Remember! If you experience this, it is not the end of the world. Although we cannot escape the fact that it is really tough to look for a region or a university that will credit your bachelor’s diploma as a bachelor’s degree and not a high school diploma.
Aside from this, you also need to look at your transcript of records. Some universities also verify if you took enough number of units to be considered in your desired master’s program. This means that if even you graduated with a Bachelor of Science and you want to have a Master’s in Humanities it might be difficult to get a spot.
This is just my experience and I don’t want to generalize. What I suggest is to contact the university directly if you’re interested to apply. It wouldn’t harm if you send an email directly to the program coordinator and ask whether you are qualified to apply for their master’s program.
Uni-Assist to the rescue!
Some of the universities in Germany use Uni-Assist to handle all applications. This means that you can’t submit all your documents to the University directly, instead they will refer you to Uni-Assist. You need to sign up for their system and look for the program that you want to apply for. In the webiste, you can also find the amount that you need to pay for the processing. What I like about Uni-Assist is that, they also convert your grades based on the German system.
DAAD and Erasmus Mundus are the two popular scholarship institutions that you can look up. They offer master’s programs from different universities where you must choose from if you want to apply for their scholarship. They have specific guidelines based on your nationality or region.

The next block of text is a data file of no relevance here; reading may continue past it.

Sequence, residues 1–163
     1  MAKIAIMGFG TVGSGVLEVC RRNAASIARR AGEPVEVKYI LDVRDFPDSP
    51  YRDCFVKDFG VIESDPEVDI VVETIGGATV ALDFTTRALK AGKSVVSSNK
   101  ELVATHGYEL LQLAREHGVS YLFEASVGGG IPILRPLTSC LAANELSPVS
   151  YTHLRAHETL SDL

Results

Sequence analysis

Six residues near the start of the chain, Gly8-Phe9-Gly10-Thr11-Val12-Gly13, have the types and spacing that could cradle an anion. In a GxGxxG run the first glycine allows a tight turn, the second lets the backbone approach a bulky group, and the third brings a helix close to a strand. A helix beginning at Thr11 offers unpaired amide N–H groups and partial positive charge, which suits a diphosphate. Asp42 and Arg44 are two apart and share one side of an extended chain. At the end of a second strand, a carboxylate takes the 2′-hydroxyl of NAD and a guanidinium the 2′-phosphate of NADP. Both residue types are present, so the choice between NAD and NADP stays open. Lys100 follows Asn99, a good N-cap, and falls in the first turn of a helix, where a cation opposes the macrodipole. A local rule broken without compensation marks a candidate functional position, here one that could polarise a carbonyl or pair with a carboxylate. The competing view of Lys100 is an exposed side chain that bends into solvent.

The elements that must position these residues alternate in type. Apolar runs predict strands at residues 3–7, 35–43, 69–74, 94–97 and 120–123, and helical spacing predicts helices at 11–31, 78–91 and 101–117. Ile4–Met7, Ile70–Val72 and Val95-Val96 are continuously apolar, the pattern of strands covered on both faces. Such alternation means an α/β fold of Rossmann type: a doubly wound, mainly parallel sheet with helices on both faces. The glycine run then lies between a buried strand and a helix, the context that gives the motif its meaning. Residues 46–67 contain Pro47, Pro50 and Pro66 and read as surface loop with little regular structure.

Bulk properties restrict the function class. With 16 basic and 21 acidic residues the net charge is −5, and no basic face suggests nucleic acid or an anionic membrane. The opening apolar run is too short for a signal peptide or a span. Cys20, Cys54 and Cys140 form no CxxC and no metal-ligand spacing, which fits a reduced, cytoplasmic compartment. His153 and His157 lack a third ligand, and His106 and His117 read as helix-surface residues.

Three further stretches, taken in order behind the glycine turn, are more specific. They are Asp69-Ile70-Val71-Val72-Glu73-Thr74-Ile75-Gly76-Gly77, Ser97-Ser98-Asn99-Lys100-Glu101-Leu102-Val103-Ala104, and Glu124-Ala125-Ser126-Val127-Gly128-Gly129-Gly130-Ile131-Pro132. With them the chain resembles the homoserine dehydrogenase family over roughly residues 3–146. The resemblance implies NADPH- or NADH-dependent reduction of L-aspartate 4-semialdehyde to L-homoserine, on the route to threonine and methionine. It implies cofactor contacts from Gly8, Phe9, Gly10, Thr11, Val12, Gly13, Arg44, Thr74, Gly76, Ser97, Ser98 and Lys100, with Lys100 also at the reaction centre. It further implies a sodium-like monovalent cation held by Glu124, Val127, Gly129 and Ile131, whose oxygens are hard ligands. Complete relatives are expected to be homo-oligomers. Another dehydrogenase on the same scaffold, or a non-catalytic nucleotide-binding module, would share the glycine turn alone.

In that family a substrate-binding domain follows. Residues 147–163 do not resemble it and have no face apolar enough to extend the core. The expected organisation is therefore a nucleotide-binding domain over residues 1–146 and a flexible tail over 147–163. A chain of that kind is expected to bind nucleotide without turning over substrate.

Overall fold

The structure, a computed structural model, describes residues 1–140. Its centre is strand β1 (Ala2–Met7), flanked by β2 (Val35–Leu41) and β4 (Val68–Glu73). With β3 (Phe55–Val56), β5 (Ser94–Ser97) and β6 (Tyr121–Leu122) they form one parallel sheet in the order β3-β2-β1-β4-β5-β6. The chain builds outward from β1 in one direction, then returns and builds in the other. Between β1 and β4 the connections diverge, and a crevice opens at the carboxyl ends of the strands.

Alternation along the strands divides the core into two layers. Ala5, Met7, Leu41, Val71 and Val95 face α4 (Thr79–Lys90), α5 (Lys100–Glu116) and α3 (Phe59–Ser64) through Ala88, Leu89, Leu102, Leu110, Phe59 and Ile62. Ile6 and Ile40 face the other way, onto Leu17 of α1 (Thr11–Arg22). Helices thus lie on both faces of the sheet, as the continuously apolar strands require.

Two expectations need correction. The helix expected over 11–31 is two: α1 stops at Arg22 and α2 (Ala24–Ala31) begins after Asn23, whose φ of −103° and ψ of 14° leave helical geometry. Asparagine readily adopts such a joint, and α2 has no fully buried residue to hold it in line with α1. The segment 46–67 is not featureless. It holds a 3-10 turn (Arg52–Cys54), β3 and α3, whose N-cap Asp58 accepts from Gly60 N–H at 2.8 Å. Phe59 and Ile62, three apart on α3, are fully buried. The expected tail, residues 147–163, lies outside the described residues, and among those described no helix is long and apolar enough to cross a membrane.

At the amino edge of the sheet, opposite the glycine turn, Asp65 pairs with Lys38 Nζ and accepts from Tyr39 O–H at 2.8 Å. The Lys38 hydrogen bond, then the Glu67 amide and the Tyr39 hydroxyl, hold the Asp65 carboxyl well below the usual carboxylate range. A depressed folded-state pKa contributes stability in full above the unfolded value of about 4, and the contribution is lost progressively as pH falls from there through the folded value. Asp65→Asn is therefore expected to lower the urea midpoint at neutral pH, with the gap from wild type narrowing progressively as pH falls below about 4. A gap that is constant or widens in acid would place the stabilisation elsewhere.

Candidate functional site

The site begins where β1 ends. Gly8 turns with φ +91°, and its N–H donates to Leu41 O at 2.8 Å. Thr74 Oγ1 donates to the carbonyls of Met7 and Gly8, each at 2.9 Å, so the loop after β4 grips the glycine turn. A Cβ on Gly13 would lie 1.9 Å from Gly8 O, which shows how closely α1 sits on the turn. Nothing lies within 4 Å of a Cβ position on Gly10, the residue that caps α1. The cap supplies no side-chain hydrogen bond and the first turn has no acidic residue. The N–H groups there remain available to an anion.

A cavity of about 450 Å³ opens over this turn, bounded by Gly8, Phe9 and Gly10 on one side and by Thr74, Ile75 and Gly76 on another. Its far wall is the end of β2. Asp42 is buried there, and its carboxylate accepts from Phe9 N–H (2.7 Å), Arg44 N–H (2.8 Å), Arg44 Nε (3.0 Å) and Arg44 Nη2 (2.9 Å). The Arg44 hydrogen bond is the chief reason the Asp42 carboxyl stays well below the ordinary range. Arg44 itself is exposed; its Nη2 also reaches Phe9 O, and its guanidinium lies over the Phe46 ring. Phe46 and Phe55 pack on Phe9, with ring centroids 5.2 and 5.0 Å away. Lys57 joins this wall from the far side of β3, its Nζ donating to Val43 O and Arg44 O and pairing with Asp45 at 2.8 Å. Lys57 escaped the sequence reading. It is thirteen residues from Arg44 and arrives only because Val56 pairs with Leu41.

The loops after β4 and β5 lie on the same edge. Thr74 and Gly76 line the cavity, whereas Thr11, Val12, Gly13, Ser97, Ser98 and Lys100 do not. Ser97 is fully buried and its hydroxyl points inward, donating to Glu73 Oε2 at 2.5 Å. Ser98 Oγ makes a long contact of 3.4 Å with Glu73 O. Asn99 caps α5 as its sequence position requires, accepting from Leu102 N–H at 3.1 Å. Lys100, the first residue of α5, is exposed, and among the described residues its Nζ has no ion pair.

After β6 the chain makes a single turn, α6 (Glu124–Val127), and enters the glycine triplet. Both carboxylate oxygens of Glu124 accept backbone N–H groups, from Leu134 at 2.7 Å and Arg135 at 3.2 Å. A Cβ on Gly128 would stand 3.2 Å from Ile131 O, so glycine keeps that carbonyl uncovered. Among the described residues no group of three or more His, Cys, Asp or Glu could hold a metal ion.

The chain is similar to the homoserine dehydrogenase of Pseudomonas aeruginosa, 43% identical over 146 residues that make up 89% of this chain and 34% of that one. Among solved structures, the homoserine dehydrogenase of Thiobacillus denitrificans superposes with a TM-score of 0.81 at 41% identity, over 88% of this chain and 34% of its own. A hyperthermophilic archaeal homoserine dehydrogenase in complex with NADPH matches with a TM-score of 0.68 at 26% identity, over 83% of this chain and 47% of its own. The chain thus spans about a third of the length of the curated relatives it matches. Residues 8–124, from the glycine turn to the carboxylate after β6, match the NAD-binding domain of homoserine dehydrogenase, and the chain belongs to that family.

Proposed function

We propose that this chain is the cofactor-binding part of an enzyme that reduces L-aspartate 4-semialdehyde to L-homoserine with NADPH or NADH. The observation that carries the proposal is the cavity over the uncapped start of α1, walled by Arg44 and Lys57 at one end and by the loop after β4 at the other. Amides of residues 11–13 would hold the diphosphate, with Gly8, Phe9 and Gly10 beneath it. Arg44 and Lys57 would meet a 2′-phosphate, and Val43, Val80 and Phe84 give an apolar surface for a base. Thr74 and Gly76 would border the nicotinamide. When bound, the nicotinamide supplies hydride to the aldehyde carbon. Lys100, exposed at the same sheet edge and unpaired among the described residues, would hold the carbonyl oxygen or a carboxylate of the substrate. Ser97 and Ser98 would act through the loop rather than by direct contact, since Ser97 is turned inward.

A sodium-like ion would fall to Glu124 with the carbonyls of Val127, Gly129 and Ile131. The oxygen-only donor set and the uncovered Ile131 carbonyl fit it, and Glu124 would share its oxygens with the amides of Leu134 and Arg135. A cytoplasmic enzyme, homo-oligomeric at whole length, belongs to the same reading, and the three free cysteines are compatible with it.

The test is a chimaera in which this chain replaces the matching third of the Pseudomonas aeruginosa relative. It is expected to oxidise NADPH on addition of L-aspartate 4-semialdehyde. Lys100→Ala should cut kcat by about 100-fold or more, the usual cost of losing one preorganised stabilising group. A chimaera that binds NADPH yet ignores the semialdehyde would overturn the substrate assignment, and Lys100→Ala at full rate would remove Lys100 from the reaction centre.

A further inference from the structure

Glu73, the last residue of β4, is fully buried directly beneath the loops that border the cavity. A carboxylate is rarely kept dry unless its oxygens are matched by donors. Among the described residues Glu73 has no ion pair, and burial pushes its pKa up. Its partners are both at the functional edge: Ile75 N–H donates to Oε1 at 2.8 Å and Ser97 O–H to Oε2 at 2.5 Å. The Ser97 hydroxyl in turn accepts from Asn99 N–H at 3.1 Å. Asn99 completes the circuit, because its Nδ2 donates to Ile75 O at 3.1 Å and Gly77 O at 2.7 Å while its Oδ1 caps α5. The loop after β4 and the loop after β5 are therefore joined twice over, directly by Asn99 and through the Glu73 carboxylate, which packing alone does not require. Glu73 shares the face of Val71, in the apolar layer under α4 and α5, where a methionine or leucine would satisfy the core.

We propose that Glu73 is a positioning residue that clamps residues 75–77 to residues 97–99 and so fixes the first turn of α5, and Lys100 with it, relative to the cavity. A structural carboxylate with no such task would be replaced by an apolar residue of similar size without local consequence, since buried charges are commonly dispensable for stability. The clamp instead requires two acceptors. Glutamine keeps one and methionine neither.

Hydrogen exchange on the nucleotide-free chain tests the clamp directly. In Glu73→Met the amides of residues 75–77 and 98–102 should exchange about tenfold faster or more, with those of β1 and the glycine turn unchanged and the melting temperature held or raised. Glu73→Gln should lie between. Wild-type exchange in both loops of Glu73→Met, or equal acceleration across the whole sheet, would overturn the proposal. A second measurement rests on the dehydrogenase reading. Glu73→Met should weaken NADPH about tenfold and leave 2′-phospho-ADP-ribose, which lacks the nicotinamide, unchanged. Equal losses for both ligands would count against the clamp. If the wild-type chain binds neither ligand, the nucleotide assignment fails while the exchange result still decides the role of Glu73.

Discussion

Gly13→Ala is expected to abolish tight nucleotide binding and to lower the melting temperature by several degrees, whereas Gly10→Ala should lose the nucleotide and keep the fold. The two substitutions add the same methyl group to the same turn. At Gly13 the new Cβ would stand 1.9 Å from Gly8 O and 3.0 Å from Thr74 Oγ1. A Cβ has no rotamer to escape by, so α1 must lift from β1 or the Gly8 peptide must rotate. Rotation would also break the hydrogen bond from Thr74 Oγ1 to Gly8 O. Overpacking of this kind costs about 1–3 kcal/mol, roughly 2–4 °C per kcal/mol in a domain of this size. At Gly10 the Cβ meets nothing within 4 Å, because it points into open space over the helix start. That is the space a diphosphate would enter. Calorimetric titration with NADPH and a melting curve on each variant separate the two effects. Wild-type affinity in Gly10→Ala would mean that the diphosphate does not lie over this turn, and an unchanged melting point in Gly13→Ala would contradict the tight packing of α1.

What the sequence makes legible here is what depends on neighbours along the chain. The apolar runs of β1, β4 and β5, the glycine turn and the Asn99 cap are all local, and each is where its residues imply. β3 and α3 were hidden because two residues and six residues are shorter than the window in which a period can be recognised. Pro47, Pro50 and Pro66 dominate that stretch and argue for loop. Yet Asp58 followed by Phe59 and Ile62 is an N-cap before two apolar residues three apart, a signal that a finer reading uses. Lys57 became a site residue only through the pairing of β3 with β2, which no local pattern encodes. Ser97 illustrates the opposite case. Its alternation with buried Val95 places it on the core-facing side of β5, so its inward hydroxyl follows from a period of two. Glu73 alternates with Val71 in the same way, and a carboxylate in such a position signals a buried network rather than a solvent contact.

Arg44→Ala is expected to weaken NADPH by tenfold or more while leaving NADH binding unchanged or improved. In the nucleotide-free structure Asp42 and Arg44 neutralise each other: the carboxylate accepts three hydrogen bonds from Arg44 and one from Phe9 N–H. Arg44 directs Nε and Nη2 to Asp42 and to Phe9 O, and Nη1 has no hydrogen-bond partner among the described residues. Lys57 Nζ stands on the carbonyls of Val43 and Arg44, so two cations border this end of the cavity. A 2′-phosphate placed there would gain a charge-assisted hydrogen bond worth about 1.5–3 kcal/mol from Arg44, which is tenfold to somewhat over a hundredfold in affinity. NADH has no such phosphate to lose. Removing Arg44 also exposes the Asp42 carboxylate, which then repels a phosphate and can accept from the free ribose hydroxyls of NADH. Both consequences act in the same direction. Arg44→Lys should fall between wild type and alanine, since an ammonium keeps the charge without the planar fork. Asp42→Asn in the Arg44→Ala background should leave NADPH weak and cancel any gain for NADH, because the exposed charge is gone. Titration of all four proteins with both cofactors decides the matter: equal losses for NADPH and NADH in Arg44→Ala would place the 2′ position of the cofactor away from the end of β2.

I’ve tried applying for Erasmus Mundus but the application was really competitive. If you don’make it to the scholarship program, you can still ask if they can consider your application without the scholarship. This means that you need to pay for your tuition fee yourself or look for sponsors.
Wait for your acceptance letter
Once you’ve submitted all requirements to the university or other institutions such as Uni-Assist etc., you need to wait for the acceptance or rejection letter. If you are accepted, then they will give you all the necessary information on how to process your visa so you don’t need to worry about that.
One thing I’ve learned from this experience is to do your own research. My experience might be totally different from what you will experience in the future. Rules change and you can’t expect that results will always be the same.
Second, apply in more than one university. As what we always say in any raffle draws- the more entries you send the more chances of winning. It’s the same with university applications. I think it is necessary to have one or two options or fallback.
Third, pray! It works 🙂
Do you have any similar experience in Germany? Let me know what you think!
Judee Bendiola is a Filipina media practioner, actress and model who is currently finishing her master’s degree in North American Studies, specializing in Media Studies in Germany. She has lived in three countries and continue to explore the world and blogs about it at www.judeebendiola.wordpress.com.